Stormont moves NI's first ever climate change bill to next stage

By Conor Macauley
BBC NI Agriculture & Environment Correspondent

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Stormont MLAs have agreed to move Northern Ireland's first ever climate bill to the next stage.

They voted 58 to 29 in favour after more than six hours of debate, meaning the proposed legislation will proceed to detailed scrutiny at the assembly.

The bill sets a 2045 net zero greenhouse gas emissions target for Northern Ireland.

It establishes a legal framework including five-year plans for emissions cuts.

It does not specify the level of reductions required in various sectors like agriculture, transport and energy.

Those would come later, be set by Executive departments and require assembly approval.

The bill would also create the role of Climate Commissioner to oversee progress against those targets.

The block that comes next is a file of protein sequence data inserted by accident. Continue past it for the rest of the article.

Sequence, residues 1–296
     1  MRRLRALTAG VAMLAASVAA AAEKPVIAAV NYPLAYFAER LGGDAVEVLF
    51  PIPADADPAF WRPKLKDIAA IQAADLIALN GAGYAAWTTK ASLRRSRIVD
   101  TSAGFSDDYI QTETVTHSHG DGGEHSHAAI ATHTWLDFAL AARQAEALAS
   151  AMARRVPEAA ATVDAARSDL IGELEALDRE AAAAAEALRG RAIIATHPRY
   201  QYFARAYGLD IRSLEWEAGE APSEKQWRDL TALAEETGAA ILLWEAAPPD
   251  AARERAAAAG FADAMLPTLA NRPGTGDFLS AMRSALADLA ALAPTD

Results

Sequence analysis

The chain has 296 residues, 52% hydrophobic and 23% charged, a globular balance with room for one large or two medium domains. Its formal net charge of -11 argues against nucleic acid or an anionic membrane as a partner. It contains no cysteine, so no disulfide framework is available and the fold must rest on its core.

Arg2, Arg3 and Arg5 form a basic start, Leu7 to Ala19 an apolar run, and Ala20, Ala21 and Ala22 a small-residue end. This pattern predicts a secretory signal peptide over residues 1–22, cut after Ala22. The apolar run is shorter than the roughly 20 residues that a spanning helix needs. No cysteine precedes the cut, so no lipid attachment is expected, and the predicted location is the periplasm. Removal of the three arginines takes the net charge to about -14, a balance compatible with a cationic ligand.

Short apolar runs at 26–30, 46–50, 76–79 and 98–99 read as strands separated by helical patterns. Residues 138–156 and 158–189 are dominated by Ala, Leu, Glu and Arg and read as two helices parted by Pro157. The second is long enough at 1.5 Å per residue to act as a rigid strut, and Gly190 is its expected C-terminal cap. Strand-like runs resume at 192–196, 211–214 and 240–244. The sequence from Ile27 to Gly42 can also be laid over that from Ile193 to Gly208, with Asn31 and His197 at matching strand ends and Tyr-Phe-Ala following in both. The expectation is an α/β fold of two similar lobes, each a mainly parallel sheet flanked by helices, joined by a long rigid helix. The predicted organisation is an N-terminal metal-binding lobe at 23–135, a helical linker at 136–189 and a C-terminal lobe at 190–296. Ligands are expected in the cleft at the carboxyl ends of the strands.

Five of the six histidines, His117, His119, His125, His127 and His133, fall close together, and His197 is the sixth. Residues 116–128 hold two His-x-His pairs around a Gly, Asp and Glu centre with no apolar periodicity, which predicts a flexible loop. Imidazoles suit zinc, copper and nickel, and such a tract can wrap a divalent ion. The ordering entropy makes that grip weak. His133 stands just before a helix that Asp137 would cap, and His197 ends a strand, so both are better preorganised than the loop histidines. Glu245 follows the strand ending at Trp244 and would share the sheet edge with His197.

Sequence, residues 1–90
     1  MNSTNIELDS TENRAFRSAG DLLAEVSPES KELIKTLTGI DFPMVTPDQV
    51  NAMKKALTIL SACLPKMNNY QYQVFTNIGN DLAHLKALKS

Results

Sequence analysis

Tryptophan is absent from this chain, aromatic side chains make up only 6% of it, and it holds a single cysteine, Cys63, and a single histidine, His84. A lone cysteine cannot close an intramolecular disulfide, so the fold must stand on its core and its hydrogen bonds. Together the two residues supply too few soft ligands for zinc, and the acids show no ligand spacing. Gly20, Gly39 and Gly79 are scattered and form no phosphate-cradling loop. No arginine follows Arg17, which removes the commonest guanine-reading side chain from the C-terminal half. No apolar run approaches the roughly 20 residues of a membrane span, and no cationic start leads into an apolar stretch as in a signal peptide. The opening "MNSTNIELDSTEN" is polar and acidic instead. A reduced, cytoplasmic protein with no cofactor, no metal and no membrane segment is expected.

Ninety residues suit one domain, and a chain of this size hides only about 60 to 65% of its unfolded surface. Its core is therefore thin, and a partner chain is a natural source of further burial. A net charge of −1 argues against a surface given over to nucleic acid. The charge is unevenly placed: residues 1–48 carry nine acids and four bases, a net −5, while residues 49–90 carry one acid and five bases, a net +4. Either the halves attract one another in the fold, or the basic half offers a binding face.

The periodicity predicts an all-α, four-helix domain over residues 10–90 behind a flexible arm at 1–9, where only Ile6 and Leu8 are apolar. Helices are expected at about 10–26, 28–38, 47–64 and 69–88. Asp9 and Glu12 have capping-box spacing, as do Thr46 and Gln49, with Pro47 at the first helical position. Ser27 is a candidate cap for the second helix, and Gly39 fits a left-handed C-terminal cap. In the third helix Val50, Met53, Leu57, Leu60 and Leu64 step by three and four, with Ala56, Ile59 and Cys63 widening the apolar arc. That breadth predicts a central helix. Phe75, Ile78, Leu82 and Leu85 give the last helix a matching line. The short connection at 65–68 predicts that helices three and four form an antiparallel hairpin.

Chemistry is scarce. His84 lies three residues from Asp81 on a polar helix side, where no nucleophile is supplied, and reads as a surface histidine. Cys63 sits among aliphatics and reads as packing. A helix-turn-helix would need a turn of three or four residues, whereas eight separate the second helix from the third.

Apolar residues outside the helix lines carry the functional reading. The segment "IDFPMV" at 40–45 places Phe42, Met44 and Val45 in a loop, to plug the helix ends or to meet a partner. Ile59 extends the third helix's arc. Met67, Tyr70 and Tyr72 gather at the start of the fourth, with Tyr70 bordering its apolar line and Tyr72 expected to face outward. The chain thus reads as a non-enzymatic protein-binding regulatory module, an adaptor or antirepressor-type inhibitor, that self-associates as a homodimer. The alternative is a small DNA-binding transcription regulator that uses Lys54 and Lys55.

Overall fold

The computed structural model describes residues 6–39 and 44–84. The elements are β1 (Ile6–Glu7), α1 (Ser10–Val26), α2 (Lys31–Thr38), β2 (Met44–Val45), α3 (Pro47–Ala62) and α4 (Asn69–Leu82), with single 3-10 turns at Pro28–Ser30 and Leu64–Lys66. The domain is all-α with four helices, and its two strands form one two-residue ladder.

It is opposed by farmers, Agriculture minister Edwin Poots and his DUP party.

Mr Poots told MLAs it would be "extremely detrimental to our economy".

image sourcePacemaker
image captionMinister Edwin Poots and farming leaders have opposed the climate bill

As the sector which emits most greenhouse gases, the farming sector fears it will be disproportionately affected.

Bill sponsor Clare Bailey said there was nothing in it which "harms farming".

She said the goal was to see farms of all sizes thrive, not see the industry continue to contract and consolidate.

The minister is drawing up his own legislation which draws on a recommendation from an advisory body to government on climate.

image sourceNI Assembly
image captionClare Bailey says there has been "persistent ministerial inaction" on climate change

The Climate Change Committee said it suggested a reduction of at least 82% in emissions by 2050 given Northern Ireland's economic reliance on agriculture.

It said that would be a fair contribution to a wider UK net zero target.

Mr Poots claimed his policy proposals were being held up by Sinn Féin at the Executive.

Sinn Féin, Alliance, the SDLP, the Green Party, Ulster Unionists, and several independents back the bill.

The DUP and Jim Allister of the TUV oppose it.

Ulster Unionist Roy Beggs said he could not support the bill but would back one reflecting the recommendations of the Climate Change Committee.

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